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قراءة كتاب Home Pork Making

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‏اللغة: English
Home Pork Making

Home Pork Making

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دار النشر: Project Gutenberg
الصفحة رقم: 1

Home Pork Making
A complete guide for the farmer,
the country butcher and the suburban dweller,
in all that pertains to hog slaughtering,
curing, preserving and storing pork product—
from scalding vat to kitchen table and dining room.
Commercial editor American Agriculturist
and Orange Judd Farmer, assisted by Pork
Specialists in the United States and England.
New York and Chicago
Orange Judd Company




Of all the delicacies in the whole mundus edibiles, I will maintain roast pig to be the most delicate. There is no flavor comparable, I will contend, to that of the crisp, tawny, well-watched, not over-roasted crackling, as it is well called—the very teeth are invited to their share of the pleasure at this banquet in overcoming the coy, brittle resistance—with the adhesive oleaginous—oh, call it not fat! but an indefinable sweetness growing up to it—the tender blossoming of fat—fat cropped in the bud—taken in the shoot—in the first innocence—the cream and quintessence of the child-pig’s yet pure food—the lean, no lean, but a kind of animal manna—or rather fat and lean (if it must be so) so blended and running into each other that both together make but one ambrosian result or common substance.—[Charles Lamb.


Copyright 1900




Pork making on the farm nearly a lost art—General merit of homemade pork—Acknowledgments.
Chapter I.—Pork Making on the Farm.
Best time for killing—A home market for farm pork—Opportunities for profit—Farm census of live stock for a series of years.
Chapter II.—Finishing Off Hogs for Bacon.
Flesh forming rations—Corn as a fat producer—Just the quality of bacon wanted—Normandy Hogs.
Chapter III.—Slaughtering.
Methods employed—Necessary apparatus—Heating water for scalding.
Chapter IV.—Scalding and Scraping.
Saving the bristles—Scalding tubs and vats—Temperature for scalding—“Singeing pigs”—Methods of Singeing.
Chapter V.—Dressing and Cutting.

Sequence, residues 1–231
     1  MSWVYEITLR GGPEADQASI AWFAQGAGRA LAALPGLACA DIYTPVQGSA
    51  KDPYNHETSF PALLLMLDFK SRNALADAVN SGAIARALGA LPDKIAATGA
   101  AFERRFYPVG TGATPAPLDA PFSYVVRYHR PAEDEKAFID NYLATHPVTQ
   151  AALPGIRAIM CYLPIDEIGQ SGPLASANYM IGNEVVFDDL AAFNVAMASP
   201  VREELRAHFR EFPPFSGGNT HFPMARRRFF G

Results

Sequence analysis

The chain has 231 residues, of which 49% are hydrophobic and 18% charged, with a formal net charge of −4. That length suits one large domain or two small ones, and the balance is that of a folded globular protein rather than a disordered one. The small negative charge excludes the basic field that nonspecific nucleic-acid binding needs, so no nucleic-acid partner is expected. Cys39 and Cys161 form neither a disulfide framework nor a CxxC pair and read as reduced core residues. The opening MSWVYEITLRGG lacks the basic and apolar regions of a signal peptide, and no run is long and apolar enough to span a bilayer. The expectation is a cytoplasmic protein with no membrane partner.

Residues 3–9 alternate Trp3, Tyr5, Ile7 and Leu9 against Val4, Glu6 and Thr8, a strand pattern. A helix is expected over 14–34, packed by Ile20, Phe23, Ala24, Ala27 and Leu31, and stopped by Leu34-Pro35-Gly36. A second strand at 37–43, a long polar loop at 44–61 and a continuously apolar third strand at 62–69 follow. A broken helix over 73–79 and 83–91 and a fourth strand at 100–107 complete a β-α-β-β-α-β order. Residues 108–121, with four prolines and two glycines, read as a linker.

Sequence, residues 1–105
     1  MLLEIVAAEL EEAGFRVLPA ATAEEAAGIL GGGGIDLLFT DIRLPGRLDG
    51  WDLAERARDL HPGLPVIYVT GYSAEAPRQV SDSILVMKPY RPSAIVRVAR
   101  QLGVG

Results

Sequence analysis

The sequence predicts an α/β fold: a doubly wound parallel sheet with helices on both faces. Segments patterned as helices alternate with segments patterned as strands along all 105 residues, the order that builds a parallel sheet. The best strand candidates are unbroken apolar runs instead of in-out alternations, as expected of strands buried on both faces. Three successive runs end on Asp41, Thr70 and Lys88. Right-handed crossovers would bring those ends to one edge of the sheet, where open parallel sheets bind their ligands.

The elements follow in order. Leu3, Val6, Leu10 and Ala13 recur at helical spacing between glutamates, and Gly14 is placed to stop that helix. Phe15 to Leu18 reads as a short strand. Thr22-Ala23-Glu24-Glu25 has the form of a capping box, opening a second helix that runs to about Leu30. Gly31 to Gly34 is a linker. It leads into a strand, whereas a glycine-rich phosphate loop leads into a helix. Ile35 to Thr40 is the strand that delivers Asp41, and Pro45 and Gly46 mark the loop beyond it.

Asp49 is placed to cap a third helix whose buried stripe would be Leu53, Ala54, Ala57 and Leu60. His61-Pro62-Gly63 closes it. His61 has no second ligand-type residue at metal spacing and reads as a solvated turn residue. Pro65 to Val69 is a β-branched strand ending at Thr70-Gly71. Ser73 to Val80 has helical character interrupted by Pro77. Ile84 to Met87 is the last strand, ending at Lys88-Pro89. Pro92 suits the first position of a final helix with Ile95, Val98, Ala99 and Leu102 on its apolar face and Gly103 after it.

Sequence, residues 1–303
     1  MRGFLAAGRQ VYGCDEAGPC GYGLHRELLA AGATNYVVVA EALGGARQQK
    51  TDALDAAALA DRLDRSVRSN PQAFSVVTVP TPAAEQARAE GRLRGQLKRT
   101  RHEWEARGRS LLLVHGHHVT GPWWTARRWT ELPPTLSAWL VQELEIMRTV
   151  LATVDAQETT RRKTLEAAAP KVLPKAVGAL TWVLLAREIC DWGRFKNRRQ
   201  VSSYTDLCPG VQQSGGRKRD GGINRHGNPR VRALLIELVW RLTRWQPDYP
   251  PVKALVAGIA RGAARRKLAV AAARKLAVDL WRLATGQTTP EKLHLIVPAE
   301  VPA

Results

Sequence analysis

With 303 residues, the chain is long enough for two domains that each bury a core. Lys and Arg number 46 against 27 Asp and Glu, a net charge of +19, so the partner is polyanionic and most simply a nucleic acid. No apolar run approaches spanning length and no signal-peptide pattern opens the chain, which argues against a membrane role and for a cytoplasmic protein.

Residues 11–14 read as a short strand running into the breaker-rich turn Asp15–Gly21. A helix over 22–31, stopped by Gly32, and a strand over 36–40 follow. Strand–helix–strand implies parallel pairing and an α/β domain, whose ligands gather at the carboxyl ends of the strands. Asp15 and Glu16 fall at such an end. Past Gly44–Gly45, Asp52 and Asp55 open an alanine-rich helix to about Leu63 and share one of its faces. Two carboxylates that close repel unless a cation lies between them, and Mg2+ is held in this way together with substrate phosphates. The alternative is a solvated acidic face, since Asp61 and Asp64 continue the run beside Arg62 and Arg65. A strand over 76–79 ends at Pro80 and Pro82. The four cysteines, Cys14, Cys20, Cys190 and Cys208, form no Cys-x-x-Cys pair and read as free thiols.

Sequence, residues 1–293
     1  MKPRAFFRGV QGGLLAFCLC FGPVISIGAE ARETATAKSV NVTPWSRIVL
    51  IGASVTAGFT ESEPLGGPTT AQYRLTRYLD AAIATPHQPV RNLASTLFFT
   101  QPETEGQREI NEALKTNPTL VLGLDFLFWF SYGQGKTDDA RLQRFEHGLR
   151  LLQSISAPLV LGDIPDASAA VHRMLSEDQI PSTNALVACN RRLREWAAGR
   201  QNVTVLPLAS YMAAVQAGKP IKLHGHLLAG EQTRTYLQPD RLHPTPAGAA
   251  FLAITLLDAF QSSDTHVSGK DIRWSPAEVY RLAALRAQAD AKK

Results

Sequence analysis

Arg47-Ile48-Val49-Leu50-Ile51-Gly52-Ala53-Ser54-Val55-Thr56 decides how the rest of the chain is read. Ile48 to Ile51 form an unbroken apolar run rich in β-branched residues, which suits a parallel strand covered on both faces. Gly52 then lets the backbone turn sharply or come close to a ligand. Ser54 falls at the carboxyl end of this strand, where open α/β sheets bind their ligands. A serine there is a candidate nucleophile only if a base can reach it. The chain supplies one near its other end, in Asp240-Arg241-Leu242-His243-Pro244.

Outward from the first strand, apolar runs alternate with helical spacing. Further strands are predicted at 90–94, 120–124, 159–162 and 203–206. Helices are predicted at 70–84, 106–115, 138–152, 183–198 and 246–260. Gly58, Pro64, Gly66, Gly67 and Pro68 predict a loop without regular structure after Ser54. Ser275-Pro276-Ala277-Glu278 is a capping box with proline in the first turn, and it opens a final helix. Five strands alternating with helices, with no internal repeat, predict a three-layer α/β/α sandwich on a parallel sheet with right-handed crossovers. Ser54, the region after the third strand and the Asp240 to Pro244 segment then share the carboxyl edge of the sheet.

Best time for dressing—Opening the carcass—Various useful appliances—Hints on dressing—How to cut up a hog.
Chapter VI.—What to do With the Offal.
Portions classed as offal—Recipes and complete directions for utilizing the wholesome parts, aside from the principal pieces—Sausage, scrapple, jowls and head, brawn, head-cheese.
Chapter VII.—The Fine Points in Making Lard.
Kettle and steam rendered—Time required in making—Storing.
Chapter VIII.—Pickling and Barreling.
A clean barrel one of the first considerations—The use of salt on pork strips—Pickling by covering with brine—Renewing pork brine.
Chapter IX.—Care of Hams and Shoulders.
A first-class ham—A general cure for ham and shoulders—Pickling preparatory to smoking—Westphalian hams.
Chapter X.—Dry Salting Bacon and Sides.
Proper proportion of salt to meat—Other preservatives—Applying the salt—Best distribution of the salt—Time required in curing—Pork for the south.
Chapter XI.—Smoking and Smokehouses.
Treatment previous to smoking—Simple but effective smokehouses—Controlling the fire in smoke formation—Materials to produce best flavor—The choice of weather—Variety in smokehouses.
Chapter XII.—Keeping Hams and Bacon.
The ideal meat house—Best temperature and surroundings—Precautions against skippers—To exclude the bugs entirely.
Chapter XIII.—Side Lights on Pork Making.
Growth of the big packing houses—Average weight of live hogs—“Net to gross”—Relative weights of various portions of the carcass.
Chapter XIV.—Packing House Cuts of Pork.
Descriptions of the leading cuts of meat known as the speculative commodities in the pork product—Mess pork, short ribs, shoulders and hams, English bacon, varieties of lard.